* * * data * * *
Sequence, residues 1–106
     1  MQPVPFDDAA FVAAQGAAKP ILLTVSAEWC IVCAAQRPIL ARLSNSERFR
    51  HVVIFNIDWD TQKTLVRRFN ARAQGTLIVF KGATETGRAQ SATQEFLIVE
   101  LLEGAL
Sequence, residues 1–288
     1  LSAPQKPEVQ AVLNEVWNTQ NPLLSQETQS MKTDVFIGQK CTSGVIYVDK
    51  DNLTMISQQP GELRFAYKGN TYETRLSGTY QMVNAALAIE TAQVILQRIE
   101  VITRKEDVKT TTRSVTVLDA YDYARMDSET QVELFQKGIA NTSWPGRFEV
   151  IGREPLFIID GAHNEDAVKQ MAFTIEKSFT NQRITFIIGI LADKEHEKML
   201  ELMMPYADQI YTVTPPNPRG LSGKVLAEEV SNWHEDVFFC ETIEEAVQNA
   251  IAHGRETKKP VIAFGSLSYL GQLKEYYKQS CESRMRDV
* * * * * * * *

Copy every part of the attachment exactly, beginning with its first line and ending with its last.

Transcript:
Sequence, residues 1–106
     1  MQPVPFDDAA FVAAQGAAKP ILLTVSAEWC IVCAAQRPIL ARLSNSERFR
    51  HVVIFNIDWD TQKTLVRRFN ARAQGTLIVF KGATETGRAQ SATQEFLIVE
   101  LLEGAL
Sequence, residues 1–288
     1  LSAPQKPEVQ AVLNEVWNTQ NPLLSQETQS MKTDVFIGQK CTSGVIYVDK
    51  DNLTMISQQP GELRFAYKGN TYETRLSGTY QMVNAALAIE TAQVILQRIE
   101  VITRKEDVKT TTRSVTVLDA YDYARMDSET QVELFQKGIA NTSWPGRFEV
   151  IGREPLFIID GAHNEDAVKQ MAFTIEKSFT NQRITFIIGI LADKEHEKML
   201  ELMMPYADQI YTVTPPNPRG LSGKVLAEEV SNWHEDVFFC ETIEEAVQNA
   251  IAHGRETKKP VIAFGSLSYL GQLKEYYKQS CESRMRDV